(Image credit: Shutterstock.)
In my first article of this three-part series, I analyzed how individual consumers relate to the insurance industry: What are their problems? What are their basic needs? And what are the key factors in order to satisfy those needs? In this 2nd article I will do the same analysis but from that of insurers’ business customers, including internal managers of the relationship with the insurer or as end users of an insurance product associates of a company enjoy as a benefit. The observations in the article apply to companies of all sizes that purchase insurance—from giant multinationals operating in different countries to local micro businesses. These companies may also be public, private, family owned, etc.
How do Companies and their Employees relate to the Insurance Industry?
Throughout the world (though of course markets vary) companies and their employees relate with the insurance industry two ways:
- Through the HR Department
- Through the Admin. / Finance Department
Companies differ in many ways, but for the purpose of this analysis I will assume that all companies have an HR and a Admin. / Finance Departments. In both cases they will have these relationships, either by law, as a benefit to its employees or be it the companies own decision to purchase insurance.
So, what are the main problems/questions that companies and their employees have when dealing /relating with the insurance industry? They can be summarized as follows:
- What products do I have?
- Where do I have them?
- How do they work?
- Will they work?
- What is administrative workload is needed to support them?
- Will they provide adequate customer service for internal customers/employees?
- Do they include dependence on third parties?
It’s also important to consider that these relationships have different actors or participants such as, brokers, agents, carriers, financial institutions, service providers (hospitals, auto repair shops, adjusters, funeral homes, etc.), to name a few. On top of all of this we are dealing with a very complex industry that is mostly analog.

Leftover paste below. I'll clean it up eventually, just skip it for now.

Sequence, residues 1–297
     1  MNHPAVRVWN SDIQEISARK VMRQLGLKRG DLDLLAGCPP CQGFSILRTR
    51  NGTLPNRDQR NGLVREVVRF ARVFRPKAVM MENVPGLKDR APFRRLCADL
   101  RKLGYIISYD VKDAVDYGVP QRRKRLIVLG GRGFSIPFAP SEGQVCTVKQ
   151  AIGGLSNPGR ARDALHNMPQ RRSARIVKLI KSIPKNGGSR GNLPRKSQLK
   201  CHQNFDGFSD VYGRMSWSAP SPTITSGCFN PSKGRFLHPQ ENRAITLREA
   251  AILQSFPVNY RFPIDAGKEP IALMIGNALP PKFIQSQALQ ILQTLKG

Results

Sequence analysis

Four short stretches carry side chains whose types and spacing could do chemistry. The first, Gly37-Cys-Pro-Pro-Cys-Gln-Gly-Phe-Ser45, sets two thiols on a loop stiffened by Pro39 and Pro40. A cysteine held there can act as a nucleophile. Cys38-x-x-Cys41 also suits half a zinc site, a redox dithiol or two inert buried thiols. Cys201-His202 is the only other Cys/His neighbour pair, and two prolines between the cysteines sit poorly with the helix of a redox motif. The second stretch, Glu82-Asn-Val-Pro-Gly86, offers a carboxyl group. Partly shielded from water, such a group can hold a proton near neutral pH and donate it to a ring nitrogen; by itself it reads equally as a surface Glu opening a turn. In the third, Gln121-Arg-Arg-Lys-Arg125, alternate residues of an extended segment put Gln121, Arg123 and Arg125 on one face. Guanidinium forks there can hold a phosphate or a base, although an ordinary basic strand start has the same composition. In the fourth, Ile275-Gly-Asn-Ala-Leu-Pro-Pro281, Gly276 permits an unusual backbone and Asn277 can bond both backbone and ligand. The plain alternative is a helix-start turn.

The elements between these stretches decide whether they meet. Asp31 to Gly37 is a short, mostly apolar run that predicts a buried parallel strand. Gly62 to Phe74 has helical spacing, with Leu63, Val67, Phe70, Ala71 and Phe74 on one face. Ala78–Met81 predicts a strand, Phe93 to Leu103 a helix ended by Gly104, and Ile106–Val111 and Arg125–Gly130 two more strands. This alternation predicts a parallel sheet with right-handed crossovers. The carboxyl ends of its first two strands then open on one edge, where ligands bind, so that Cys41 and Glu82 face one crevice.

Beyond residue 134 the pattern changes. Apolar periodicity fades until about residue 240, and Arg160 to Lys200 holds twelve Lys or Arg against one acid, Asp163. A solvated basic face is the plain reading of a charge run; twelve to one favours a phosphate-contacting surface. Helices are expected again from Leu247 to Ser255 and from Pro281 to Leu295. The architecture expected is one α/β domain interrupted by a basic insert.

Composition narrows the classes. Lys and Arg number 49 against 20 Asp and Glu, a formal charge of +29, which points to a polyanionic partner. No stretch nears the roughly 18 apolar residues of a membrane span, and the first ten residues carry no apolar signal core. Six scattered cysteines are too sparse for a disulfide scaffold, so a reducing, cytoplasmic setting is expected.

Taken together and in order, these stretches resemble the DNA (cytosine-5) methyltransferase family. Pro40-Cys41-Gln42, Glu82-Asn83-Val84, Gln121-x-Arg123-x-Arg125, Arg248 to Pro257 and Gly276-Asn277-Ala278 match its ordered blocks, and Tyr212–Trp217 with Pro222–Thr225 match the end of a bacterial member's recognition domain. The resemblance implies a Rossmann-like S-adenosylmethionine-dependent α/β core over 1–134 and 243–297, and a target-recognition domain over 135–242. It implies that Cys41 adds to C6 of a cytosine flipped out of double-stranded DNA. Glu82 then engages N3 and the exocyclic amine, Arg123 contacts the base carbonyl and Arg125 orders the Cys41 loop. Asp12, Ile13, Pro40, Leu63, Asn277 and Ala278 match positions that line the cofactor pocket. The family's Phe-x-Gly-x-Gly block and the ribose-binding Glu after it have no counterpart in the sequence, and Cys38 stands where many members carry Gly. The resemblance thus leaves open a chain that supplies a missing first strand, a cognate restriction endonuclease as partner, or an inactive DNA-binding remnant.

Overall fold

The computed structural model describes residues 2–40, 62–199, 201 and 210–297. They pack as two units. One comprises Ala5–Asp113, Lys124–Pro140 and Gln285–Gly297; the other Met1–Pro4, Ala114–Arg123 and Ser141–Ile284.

Also in the case of multinational companies this is even more complex because these entities operate in different countries with disparate laws and regulations. The burdens of regulatory compliance may force companies to purchase insurance from local carriers, in addition to the multinational programs they might have with a multinational carrier. Furthermore, multinational carriers and brokers don’t necessarily operate in every country and their service is not necessarily the same in every country.
What are the needs of companies and their employees?
Companies and their employees basic needs can be summarized as:
- Knowing what products I have
- Knowing where I have them
- Knowing how they work
- Knowing who can help me in case I need help
- Being able to share this information with other employees
- Being able to consult information and perform transactions (Buy, Pay, Use, Modify and Renew), without having to do it through a third party. Remember companies have two types of consumers.
What are some of the key factors in order to satisfy these needs?
There are two main factors in order to satisfy these needs, the roles of both brokers/agents and carriers, and the relevant technology.
Brokers’ & Agents’ Roles
Presently big brokers do a good job when we are talking about big and medium-sized companies, including multinational companies that multinational brokers service. However due to their nature (very local and limited resources) it’s very difficult and almost impossible for small brokers and agents to service these accounts,
On the flip side, due to their nature, small brokers and agents have a big opportunity to serve small and micro companies. These companies are in need of proper advice when purchasing insurance and it’s almost impossible for big brokers to serve them properly because of their nature (it’s not in their DNA: they don’t understand these segments).
Irrespective of the size of the broker or agent, we must keep in mind that they have a strategic advantage because of the two roles they have—they can act as advisors/consultants and also as a distribution channel.
As with brokers and agents, the biggest challenge is with small and micro companies. Developing products that fit the needs of these companies will be key. The work that carriers do in conjunction with brokers and agents will also be key in satisfying the needs of these companies. Selling direct by carriers is not necessarily the answer, because these companies need advice.
Just as with individual consumers, technology has a major role because companies of all sizes and their employees need to have the autonomy to be able to digitally consult information and perform transactions without depending on third parties. Also, in the case of multinational companies it is very important to be able to integrate information from the different operations they may have around the world, currently this is very difficult.
This here is where web services/API’s and especially open web services/API’s come into play. Incumbents must be able to interact digitally with their clients. We must also keep in mind that it’s the consumer who gets to decide to share his information—it’s not the broker’s/agent’s or carrier’s information, it’s the consumer’s information.
I know there will be different questions and thought that will come up when reading this article, I am happy to hear them and exchange ideas about how to move forward.
In my third and final article, I will show that consumers (individuals and companies) have similar problems, similar needs and the same key factors to satisfy this needs apply to both of them. Also, how the same solution (business model) can apply to both individuals and companies.
How to Rethink Insurance from the Consumer’s Perspective, Part 1: The Private Consumer